Besetzny v. Berryhill, No. 1:2017cv05774 - Document 20 (N.D. Ill. 2018)

Court Description: MEMORANDUM Opinion and Order: For the reasons detailed, the Court must reverse and remand for proceedings consistent with this opinion. At this time, the Court offers no opinion as to the other alleged bases of error in the ALJ's decision as raised by Plaintiff. Plaintiff's motion for summary judgment [dkt. 11] is granted; the Commissioner's motion for summary judgment [dkt. 18] is denied. - Signed by the Honorable Susan E. Cox on 9/25/2018. Mailed notice (np, )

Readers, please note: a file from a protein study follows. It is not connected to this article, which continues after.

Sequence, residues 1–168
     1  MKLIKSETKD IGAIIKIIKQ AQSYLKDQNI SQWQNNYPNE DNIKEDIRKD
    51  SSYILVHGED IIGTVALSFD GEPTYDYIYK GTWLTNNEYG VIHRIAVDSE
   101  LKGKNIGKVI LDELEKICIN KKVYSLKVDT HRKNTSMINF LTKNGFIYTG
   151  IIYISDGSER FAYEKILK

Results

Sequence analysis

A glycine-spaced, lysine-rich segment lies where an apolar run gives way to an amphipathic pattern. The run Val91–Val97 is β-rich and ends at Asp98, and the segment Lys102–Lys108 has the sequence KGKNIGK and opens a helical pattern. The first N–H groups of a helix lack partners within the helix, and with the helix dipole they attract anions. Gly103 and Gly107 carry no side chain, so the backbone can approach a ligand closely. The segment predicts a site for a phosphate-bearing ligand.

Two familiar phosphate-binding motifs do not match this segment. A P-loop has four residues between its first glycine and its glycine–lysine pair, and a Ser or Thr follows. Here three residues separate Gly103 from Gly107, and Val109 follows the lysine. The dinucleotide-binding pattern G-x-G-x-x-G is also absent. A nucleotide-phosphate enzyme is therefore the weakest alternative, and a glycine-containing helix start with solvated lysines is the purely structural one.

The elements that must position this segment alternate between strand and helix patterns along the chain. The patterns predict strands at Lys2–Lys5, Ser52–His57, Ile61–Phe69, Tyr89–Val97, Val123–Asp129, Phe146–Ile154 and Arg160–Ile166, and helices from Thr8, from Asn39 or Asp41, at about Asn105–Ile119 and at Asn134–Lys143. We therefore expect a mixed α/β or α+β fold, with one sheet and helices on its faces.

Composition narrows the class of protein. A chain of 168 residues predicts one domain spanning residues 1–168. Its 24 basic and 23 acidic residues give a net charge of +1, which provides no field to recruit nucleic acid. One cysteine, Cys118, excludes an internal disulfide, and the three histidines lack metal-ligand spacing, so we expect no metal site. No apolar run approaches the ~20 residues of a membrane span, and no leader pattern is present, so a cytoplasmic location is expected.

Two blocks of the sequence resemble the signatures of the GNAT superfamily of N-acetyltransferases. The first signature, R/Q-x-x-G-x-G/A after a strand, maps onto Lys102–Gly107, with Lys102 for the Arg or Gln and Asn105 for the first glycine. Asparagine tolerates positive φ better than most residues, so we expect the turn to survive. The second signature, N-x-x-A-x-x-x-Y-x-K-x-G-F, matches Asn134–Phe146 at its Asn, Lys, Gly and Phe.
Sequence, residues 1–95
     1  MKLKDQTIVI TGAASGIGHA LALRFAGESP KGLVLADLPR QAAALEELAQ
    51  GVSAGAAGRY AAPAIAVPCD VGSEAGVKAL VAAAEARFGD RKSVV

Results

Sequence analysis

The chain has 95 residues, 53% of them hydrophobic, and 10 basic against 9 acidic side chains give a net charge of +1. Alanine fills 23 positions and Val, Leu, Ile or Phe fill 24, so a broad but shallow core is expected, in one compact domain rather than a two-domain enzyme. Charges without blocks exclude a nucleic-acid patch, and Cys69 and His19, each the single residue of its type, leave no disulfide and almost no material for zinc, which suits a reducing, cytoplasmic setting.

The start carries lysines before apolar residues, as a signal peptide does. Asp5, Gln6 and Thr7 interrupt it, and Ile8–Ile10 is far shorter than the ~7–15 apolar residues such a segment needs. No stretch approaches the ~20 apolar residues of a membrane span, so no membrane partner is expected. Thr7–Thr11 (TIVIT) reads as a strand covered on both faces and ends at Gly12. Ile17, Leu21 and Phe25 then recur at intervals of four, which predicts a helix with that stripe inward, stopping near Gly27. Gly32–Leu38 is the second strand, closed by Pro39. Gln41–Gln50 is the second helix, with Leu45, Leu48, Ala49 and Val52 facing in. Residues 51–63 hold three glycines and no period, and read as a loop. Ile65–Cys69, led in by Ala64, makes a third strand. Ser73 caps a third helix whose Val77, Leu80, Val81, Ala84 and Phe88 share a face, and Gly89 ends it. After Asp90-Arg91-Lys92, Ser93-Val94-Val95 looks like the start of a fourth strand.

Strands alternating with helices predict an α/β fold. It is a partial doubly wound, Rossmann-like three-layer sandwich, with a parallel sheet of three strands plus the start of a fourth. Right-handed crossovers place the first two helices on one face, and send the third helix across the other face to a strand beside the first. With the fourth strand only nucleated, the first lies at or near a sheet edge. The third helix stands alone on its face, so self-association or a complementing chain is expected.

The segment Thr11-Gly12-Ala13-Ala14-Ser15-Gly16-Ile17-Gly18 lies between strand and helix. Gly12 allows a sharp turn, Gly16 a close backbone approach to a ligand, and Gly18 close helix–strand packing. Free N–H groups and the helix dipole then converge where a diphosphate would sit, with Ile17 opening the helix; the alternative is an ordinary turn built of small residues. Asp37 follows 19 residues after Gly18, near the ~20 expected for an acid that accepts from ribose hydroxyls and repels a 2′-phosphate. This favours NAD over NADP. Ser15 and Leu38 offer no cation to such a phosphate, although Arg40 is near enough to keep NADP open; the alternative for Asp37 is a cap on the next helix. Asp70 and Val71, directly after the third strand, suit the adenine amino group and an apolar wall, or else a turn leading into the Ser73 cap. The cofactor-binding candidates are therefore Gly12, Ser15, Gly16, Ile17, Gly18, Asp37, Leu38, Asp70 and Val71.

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Besetzny v. Berryhill Doc. 20 UNITED STATES DISTRICT COURT NORTHERN DISTRICT OF ILLINOIS EASTERN DIVISION STEVEN BESETZNY, Plaintiff, v. NANCY A. BERRYHILL, Acting Commissioner of Social Security, Defendant. ) ) ) ) ) ) ) ) ) ) No. 17 cv 5774 Magistrate Judge Susan E. Cox MEMORANDUM OPINION AND ORDER Plaintiff Steven Besetzny (“Plaintiff”) appeals the decision of the Commissioner of the Social Security Administration (“Commissioner”) denying his disability benefits under the Social Security Act. The Parties have filed cross-motions for summary judgment. 1 For the reasons below, the Court remands this matter for further proceedings consistent with this Memorandum Opinion and Order. I. Background a. Plaintiff’s History and Procedural History Plaintiff was born on May 2, 1967, and was considered a “younger person” (43 years old) at his alleged disability onset date of October 1, 2010. [Administrative Record (“R”) 76.] Plaintiff’s former occupation was a combination job of photographer/retail store manager. [R 64.] Prior to that, Plaintiff was a freelance photographer. Id. Plaintiff also held a receptionist position in the past. Id. We do not recite Plaintiff’s medical history here as it is not germane to our bases for remand. Plaintiff filed an application for disability benefits on March 21, 2012. [R 169-70.] Plaintiff’s claims were denied initially and at the reconsideration stage, followed by an administrative hearing before Administrative Law Judge (“ALJ”) Patricia Kendall on January 20, 2016. [R 39-74.] On March 2, 2016, 1 While the Commissioner’s response is not styled as a motion for summary judgment [dkt. 18], the ad damnum paragraph of the brief asks that summary judgment be entered in favor of the Commissioner. Therefore, we construe Defendant’s Response to Plaintiff’s Motion for Summary Judgment [dkt. 18] as a motion for summary judgment. the ALJ issued a written decision denying Plaintiff disability benefits. [R 18-30.] On June 7, 2017, the Appeals Council denied Plaintiff’s appeal, and the ALJ’s decision became the final decision of the Commissioner. [R 1-6.] b. The VE’s Testimony at the Administrative Hearing On January 20, 2016, the administrative hearing in this matter took place in Evanston, Illinois. [R 39-74.] Plaintiff was represented by counsel and a Vocational Expert (“VE”), Mr. Lee Knutson, testified during the hearing. 2 Id. In relevant part, that testimony is as follows, in an exchange with the ALJ: Q: Mr. Knutson, would you please identify the past work? A: He was basically a combination photographer and retail manager, retail store manager. The DOT for a photographer is 143.062-030. This is skilled, SVP of 7, and light. He performed it at both medium and heavy…He also served as a manager. It’s kind of a combination job. The DOT is 185.167-046. This is skilled, SVP of 7, and light. He performed it -- in his jobs at the heavy level and the medium level. And then, of course, he was a -- a freelance photographer, which would be the same as the previous one, photographer. The part-time job at the Lake County Center, do you want that one? Q: Sure. A: I think receptionist would be closest. He -- he answered phones and used the computer, did office work. The DOT is 237.367-038. This is sedentary and semiskilled, SVP of 4. [R 64.] *** Q: Assume if you would a person of claimant’s age, education, and work experience who can perform sedentary work as defined by the regulations. In addition, this person cannot climb ladders, ropes, or scaffolds. Can occasionally climb ramps or stairs. Can occasionally stoop, crouch, kneel, and crawl. Should avoid all use of moving machinery and exposure to unprotected heights. Can such a person perform claimant’s past work? A: He would not be able to do his past work as that’s more physically demanding than his previous employment than with the light. Q: Okay. Would there be any other work for such a person in the national and regional economy? 2 The curriculum vitae for another vocational expert, Mr. James J. Radke, appears in the record, as does the past relevant work summary Mr. Radke created for Plaintiff. [R 305-08.] Mr. Radke did not testify at the January 20, 2016 administrative hearing, and it is unclear why this information appears in the record. Although the date of the administrative hearing was postponed at some point from a date of August 13, 2015 to the eventual January 20, 2016 date (the record sheds no light on when the hearing was rescheduled [R 125, 129, 130, 158]), the Court suspects Mr. Radke’s information in the record may be a vestige of the rescheduled August 13, 2015 hearing. 2 A: At the light level of work, sedentary level of work, there would be some jobs. In Illinois, there are approximately 82,000 assemblers. Most of these jobs are more physically demanding than sedentary, but I do think about 5% of these jobs are sedentary and unskilled, SVP of 2. Q: So, wait a minute. Do you have a number? Are you saying 80,000? A: About -- about 4,000 jobs -Q: All right. A: -- in Illinois, 90,500 nationally. The example would be a final assembler, 713.687-018…I think about 5% of inspectors, checkers, and weighers perform the work sedentary and unskilled. That would be about 1,100 jobs in Illinois, 24,000 nationally. An example would be a weight tester, 539.485-010…The last one I have is order clerk. I believe about 10% of these jobs are performed both sedentary and unskilled. That would be about 650 jobs in Illinois, 19,000 jobs nationally. Example is order clerk, food and beverage, 209.567-014. [R 65-67.] Later in the administrative hearing, the VE is questioned by Plaintiff’s counsel, as follows: Q: Just to follow you on the assemblers, inspectors, and order clerks testimony, you said that 5% of the assemblers and inspectors and 10% of the order clerks were at the sedentary level. I assume the rest would be performed at the light level of exertion? A: Yes. I think 5% of these are performed sedentary and unskilled. The rest would be either more physically demanding or -- or a higher skill level. Q: Okay. Okay. And 5% is a pretty low number. I mean, 10% is a little bit higher, but still low. What was your basis for coming up with the – those…figures that -- that -- of -- of the universe of those jobs, that 5% or 10% would be within the parameters of the hypothetical? A: Well -- well, basically I start out with data from the Bureau of Labor Statistics that would tell me the number of assemblers or the number of or der clerks which is based on SOC codes or occupational employment surveys. But they don’t break it down to fit our hypotheticals for Social Security. They don’t break it down by skill level or physical demand. So, I have to make these assessments on my own and I’m relying pretty much on -- on my knowledge of the jobs in the DOT and my knowledge of the job market. And I’m making what I believe is a conservative estimate, but there is no one out there who – who’s counting the number of sedentary, unskilled jobs. [R 70-71.] c. The ALJ’s Decision On March 2, 2016, the ALJ issued a written decision denying Plaintiff disability benefits. [R 18-30.] At Step One, the ALJ determined that Plaintiff did not engage in substantial gainful activity since his alleged onset date of October 1, 2010. [R 20.] At Step Two, the ALJ found that Plaintiff had the severe impairments of fibromyalgia, chronic fatigue syndrome, degenerative disc disease and degenerative joint disease [Id.] The ALJ also found that Plaintiff had the following nonsevere impairments: myofacial pain 3 syndrome, irritable bowel syndrome, “mild” right wrist neuropathy, and obstructive sleep apnea. [R 21.] At Step Three, the ALJ determined that Plaintiff did not have an impairment or combination of impairments that met or medically equaled the severity of one of the listed impairments of 20 C.F.R. Part 404, Subpart P, App’x 1. [R 22-23.] Before Step Four, the ALJ found that Plaintiff had the residual functional capacity (“RFC”) 3 to perform sedentary work except Plaintiff cannot climb ladders, ropes, or scaffolds and may occasionally climb ramps or stairs and stoop, crouch, kneel, or crawl; Plaintiff must avoid all exposure to workplace hazards, such as moving machinery and unprotected heights; and Plaintiff is limited to simple, routine, repetitive tasks and occupations that do not require complex written or verbal communication. [R 23.] At Step Four, the ALJ found that Plaintiff was not capable of performing any of his past relevant work, which the ALJ listed as a photographer. [R 28.] At Step Five, however, the ALJ found that Plaintiff was capable of performing the jobs of assembler (DOT #713.687-018); checker, weight tester (DOT #539.485-010); and order clerk (DOT #209.567.014), which the ALJ found existed in significant numbers in the national economy. [R 29.] Because of these determinations, the ALJ found Plaintiff not disabled under the Act. [R 30.] II. Social Security Regulations and Standard of Review The Social Security Act requires all applicants to prove they are disabled as of their date last insured to be eligible for disability insurance benefits. ALJs are required to follow a sequential five-step test to assess whether a claimant is legally disabled. The ALJ must determine: (1) whether the claimant is currently engaged in substantial gainful activity; (2) whether the claimant has a severe impairment; and (3) whether the severe impairment meets or equals one considered conclusively disabling such that the claimant is impeded from performing basic work-related activities. 20 C.F.R. § 404.1520; 20 C.F.R. § 416.920(a)(4)(i)-(v). If the impairment(s) does meet or equal this standard, the inquiry is over and the 3 RFC is defined as the most one can do despite one’s impairments. 20 C.F.R. §§ 404.1545, 416.945. 4 claimant is disabled. 20 C.F.R. § 416.920(a)(4). If not, the evaluation continues and the ALJ must determine (4) whether the claimant is capable of performing his past relevant work. Cannon v. Harris, 651 F.2d 513, 517 (7th Cir. 1981). If not, the ALJ must (5) consider the claimant’s age, education, and prior work experience and evaluate whether she is able to engage in another type of work existing in a significant number of jobs in the national economy. Id. At the fourth and fifth steps of the inquiry, the ALJ is required to evaluate the claimant’s RFC in calculating which work-related activities she is capable of performing given his limitations. Young v. Barnhart, 362 F.3d 995, 1000 (7th Cir. 2004). In the final step, the burden shifts to the Commissioner to show that there are jobs that the claimant is able to perform, in which case a finding of not disabled is due. Smith v. Schweiker, 735 F.2d 267, 270 (7th Cir. 1984). In disability insurance benefits cases, a court’s scope of review is limited to deciding whether the final decision of the Commissioner of Social Security is based upon substantial evidence and the proper legal criteria. Scheck v. Barnhart, 357 F.3d 697, 699 (7th Cir. 2004). Substantial evidence exists when a “reasonable mind might accept [the evidence] as adequate to support a conclusion.” Richardson v. Perales, 402 U.S. 389, 401 (1971); Zurawski v. Halter, 245 F.3d 881, 887 (7th Cir. 2001). While reviewing a commissioner’s decision, the Court may not “reweigh evidence, resolve conflicts in the record, decide questions of credibility, or substitute [its] own judgment for that of the Commissioner.” Young, 362 F.3d at 1001. Although the Court reviews the ALJ’s decision deferentially, the ALJ must nevertheless “build an accurate and logical bridge” between the evidence and his conclusion. Steele v. Barnhart, 290 F.3d 936, 941 (7th Cir. 2002) (internal citation omitted). The Court cannot let the Commissioner’s decision stand if the decision lacks sufficient evidentiary support, an adequate discussion of the issues, or is undermined by legal error. Lopez ex rel. Lopez v. Barnhart, 336 F.3d 535, 539 (7th Cir. 2003); see also, 42 U.S.C.§ 405(g). III. Discussion The Court has identified two problems with respect to the ALJ’s decision in this matter: (1) issues with the VE’s unreliable testimony, and (2) issues with gaps in the Step Four analysis of Plaintiff’s past employment. The second issue we raise sua sponte. We discuss why these errors necessitate remand below. 5 a. Errors in the VE’s Testimony The issue of flawed vocational expert testimony was raised by Plaintiff in this matter [dkt. 12, p. 13], albeit in a slightly different way than discussed by the Court below. Regardless, Plaintiff points out that an ALJ must not accept VE testimony without question, and this is the precise error the ALJ has made in her opinion here. In general, the role of a vocational expert is to provide information regarding the kinds of work and the number of jobs in the national economy a hypothetical person with certain limitations can perform. Pagos v. Colvin, 2015 WL 1502923, at *7 (N.D. Ill. Mar. 27, 2015); Pelfrey v. Com’r of Soc. Sec., 2010 WL 909134, at *4 (S.D. Ohio Mar. 10, 2010); see also, Sample v. Schweiker, 694 F.2d 639, 643 (9th Cir. 1982) (role of a VE is to “translate[ ] factual scenarios into realistic job market probabilities”). Typically, one of the sources a VE will rely on is The Dictionary of Occupational Titles (“DOT”). The DOT is a (somewhat “obsolete”) compendium of basic occupational information which lists occupational demands and duties and their accompanying mental and physical requirements and skills, but “contains no statistics regarding the number of jobs in a given job category that exist in the local, state, or national economy.” Herrmann v. Colvin, 772 F.3d 1110, 1113 (7th Cir.2014); see also, Forsythe v. Colvin, 813 F.3d 677, 681 (7th Cir. 2016). Nonetheless, the Social Security Administration relies upon the DOT as an “authoritative” publication and its definitions are accepted as reliable evidence of how jobs are performed in the national economy. Haddock v. Apfel, 196 F.3d 1084, 1090 (10th Cir. 1999). A VE will also typically rely on job data from The Bureau of Labor Statistics (“BLS”) for recent trends in wages, process, and productivity in the U.S. economy. The Social Security Administration has taken administrative notice of both the DOT and the Occupational Outlook Handbook published by the BLS. 20 C.F.R. § 416.966(d)(1)-(5). Although a VE is entitled to rely on various methods and sources of data, the foundation for the VE’s opinions must be adequate and VE’s testimony must be reliable. Donahue v. Barnhart, 279 F.3d 441, 446 (7th Cir. 2002). “If the basis of the vocational expert’s conclusions is questioned…then the ALJ should make an inquiry…to find out whether the purported expert’s conclusions are reliable.” Id. (italics 6 omitted.) A finding of an ALJ based on unreliable VE testimony is equivalent to a finding that is not supported by substantial evidence and must be vacated. Skinner v. Astrue, 478 F.3d 836, 841 (7th Cir. 2007). Here, the Plaintiff’s attorney at the administrative hearing did just that – he questioned the VE’s basis for why his job availability figures of 5-10% were so low for the three DOT codes he provided. 4 [R 70.] The VE responded that while he starts out with BLS data to determine the raw numbers of jobs that exist in a particular occupation, in order to reduce the available jobs to account for sedentary, unskilled jobs, he “make[s] these assessments on [his] own” by relying on his “knowledge of the jobs in the DOT and my knowledge of the job market [because] there is no one out there…who’s counting the number of sedentary, unskilled jobs.” [R 70-71.] The ALJ made no further inquiry into the reliability of the VE’s numbers after Plaintiff’s counsel challenged the foundations of the VE’s opinions on this point, which is against the weight of Seventh Circuit case law. See Gracz v. Berryhill, 2017 WL 1344532, at *4 (N.D. Ill. Apr. 12, 2017) (explaining Seventh Circuit mandate for ALJ to more closely examine a VE’s opinions when those opinions have had their foundations challenged to determine the basis for the reliability of those opinions); see also, Herrmann v. Colvin, 772 F.3d 1110 (7th Cir. 2014). In her opinion, the ALJ went on to fully adopt the numbers given by the VE.5 [R 29.] We borrow language from another Seventh Circuit case (also deciding to reverse and remand) to describe the VE’s numbers in this case: “[w]e do not know how the vocational expert in this case calculated the numbers to which he testified. Nothing in the record enables us to verify those numbers, which the administrative law judge accepted.” Herrmann v. Colvin, 772 F.3d 1110, 1114 (7th Cir. 2014). Similar to Herrmann, the only public sources the VE cited for the numbers he quoted was the DOT and 4 The Court is unpersuaded by Defendant’s argument that Plaintiff waived his right to challenge the VE’s testimony by allegedly failing to question the basis for the VE’s testimony. [Dkt. 18, p. 15.] That is precisely what Plaintiff’s counsel did when he noted that the 5-10% figures seem “pretty low” and then inquired of the VE as to the “basis for coming up with…those figures.” [R 70.] 5 The Court is also suspect of the VE’s reduced numbers because the VE never gave the total number of available jobs nationally for each occupation, which would have allowed anyone (including the ALJ or the Court) to verify the VE’s math; the VE only gave the reduced 5-10% figures to account for sedentary positions within an occupation. 7 the Bureau of Labor Statistics (although he never specifies what BLS publication). Additionally, the VE did testify he relied on his “knowledge of the jobs in the DOT and [his] knowledge of the job market.” [R 71.] However, fatally as in Herrmann, the VE “didn’t explain how impressions from unspecified past experience and knowledge could enable him to determine numbers of particular jobs.” Herrmann, 772 F.3d at 1113. Out of an abundance of caution, the Court reviewed the VE’s resume [R 310-12], which the ALJ admitted into evidence (Plaintiff’s counsel had no questions concerning the VE’s qualifications [R 63]); the Court found no especially relevant past experience that would enable the VE to determine numbers of particular jobs. 6 As mentioned above, the ALJ just accepted the VE’s numbers without comment and without reference to the fact Plaintiff’s counsel had clearly questioned the basis for the 5-10% figures. The Court does not believe a reasonable mind would accept the VE’s evidence as adequate to support the ALJ’s reliance on it and the conclusions the ALJ drew from it, particularly in light of the ALJ’s Step Four errors identifying Plaintiff’s past relevant work (infra). Richardson, 402 U.S. at 401; Zurawski, 245 F.3d at 887. In short, the ALJ erred when she “unquestioningly” accepted suspect vocational testimony without first “inquiring into the reliability” of the opinion. McKinnie v. Barnhart, 368 F.3d 907, 911 (7th Cir. 2004). For this reason, the ALJ’s findings are not supported by substantial evidence and must be vacated. Skinner, 478 F.3d at 841 (7th Cir. 2007). b. The ALJ’s Step Four Errors While we realize the ALJ decided in favor of the Plaintiff at Step Four, there are substantial Step Four errors that also require remand in this matter. The ALJ failed to identify or discuss much of Plaintiff’s past relevant work including, significantly, a sedentary job that matched the RFC the ALJ ultimately assigned to Plaintiff, leaving unresolved the issue of whether Plaintiff could truly perform a sedentary job if the ALJ’s conclusion was that Plaintiff could not perform his past relevant work. When the VE was asked to identify the past relevant work held by Plaintiff, the VE testified that 6 In fact, the VE’s “[s]pecialty is in assisting injured Construction Workers, in returning to work within their medical restrictions in Construction Management positions.” [R 310 (italics omitted).] 8 Plaintiff held a combination job of photographer/retail manager. 7 [R 64.] A “composite job” or “combination job” is one that has “significant elements of two or more occupations and, as such, [has] no counterpart in the [Dictionary of Occupational Titles (“DOT”)].” SSR 82-61, 1982 WL 31387, at *2. Thus, VE Knutson identified the DOT codes for both occupations he identified as being part of the combination job that was part of Plaintiff’s past relevant work. 8 [R 64.] Additionally, VE Knutson found that Plaintiff had earlier held a separate job as a freelance photographer (same DOT code as “photographer”), which was not part of the composite job. Id. Finally, the VE testified that Plaintiff had another past relevant occupation as a (semiskilled sedentary) receptionist. Id. In his opinion however, the ALJ only identified Plaintiff’s past relevant work as a photographer. [R 28.] The ALJ did not mention or engage in any analysis of Plaintiff’s composite job (or the receptionist job for that matter), leaving an explanatory void for whether Plaintiff could actually perform any of his other past relevant work as it was actually performed. Morgan v. Berryhill, 2017 WL 2628094, at *3 (W.D. Wash. June 19, 2017) (ALJ erred by failing to acknowledge the composite job rule, despite identifying two separate DOT occupations for claimant’s work.). This is particularly true as to the past relevant receptionist position, which is classified as sedentary – the exertion level that matched the ALJ’s RFC for Plaintiff. This baffling error as to the basic facts of Plaintiff’s past relevant work, to which the VE testified, is enough to convince the Court the ALJ’s step-four finding in not supported by substantial evidence. Moreover, to “classify an applicant’s ‘past relevant work’ according to the least demanding function of the claimant’s past occupation is contrary to the letter and spirit of the Social Security Act.” Valencia v. Heckler, 751 F.2d 1082, 1087 (9th Cir. 1985); Aviles v. Heckler, 618 F. Supp. 1286, 1291 (N.D. Ill. 1985). 7 While it appears the VE used the term “combination job” instead of the more commonly used term “composite job,” this does not change our analysis. See Dirkse v. Comm’r of Soc. Sec., 2016 WL 6956612, at *3 (W.D. Mich. Nov. 29, 2016) (ALJ erred by having VE “parse out” one portion of Plaintiff’s past work when VE found past relevant work to be a “combination job”); Bryan v. Colvin, 2016 WL 11263131, fn. 3 (N.D. Okla. Dec. 7, 2016) (Plaintiff’s past relevant work was not in the DOT because it was a “combination job” or “compound job”); Shoulders v. Berryhill, 2018 WL 3069204, at *8 (N.D.W. Va. Jan. 16, 2018) (three occupation job was a “combination job”); Francia v. Astrue, 2010 WL 4553438, at *1 (C.D. Cal. Nov. 3, 2010) (two occupation job was a “combination job”). 8 It appears the prior VE on this case, Mr. Radke, also identified Plaintiff’s past relevant work as a composite job, per Mr. Radke’s Past Relevant Work Summary for Plaintiff that appears in the record. [R 308.] 9 Thus, because “[e]very occupation consists of a myriad of tasks, each involving different degrees of physical exertion,” evaluation of a plaintiff’s ability to perform past relevant work must be based on consideration of the whole job, i.e., all the duties required in the past relevant work, not just select components. Valencia, 751 F.2d at 1087. An ALJ cannot parse out only a subset of a claimant’s past relevant work, particularly when that work includes a composite job. Id; Cabaniss v. Colvin, 2014 WL 7450435, at *12 (N.D. Ill. Dec. 30, 2014); Wiggins v. Colvin, 2015 WL 2398478, at *6 (N.D. Ill. May 18, 2015). Not only did the ALJ fail to acknowledge Plaintiff’s sedentary receptionist job (supra), but the ALJ here either wholly ignored Plaintiff’s past composite job, or improperly parsed out only the photographer duties. Either error requires remand. Step Four of the ALJ’s decision is both lacking in sufficient evidentiary support and is undermined by legal error. Lopez, 336 F.3d at 539 (7th Cir. 2003); see also, 42 U.S.C.§ 405(g). We sua sponte remand on this basis. IV. Conclusion For the reasons detailed above, the Court must reverse and remand for proceedings consistent with this opinion. At this time, the Court offers no opinion as to the other alleged bases of error in the ALJ’s decision as raised by Plaintiff. Plaintiff’s motion for summary judgment [dkt. 11] is granted; the Commissioner’s motion for summary judgment [dkt. 18] is denied. Entered: 9/25/2018 _____________________________ U.S. Magistrate Judge, Susan E. Cox 10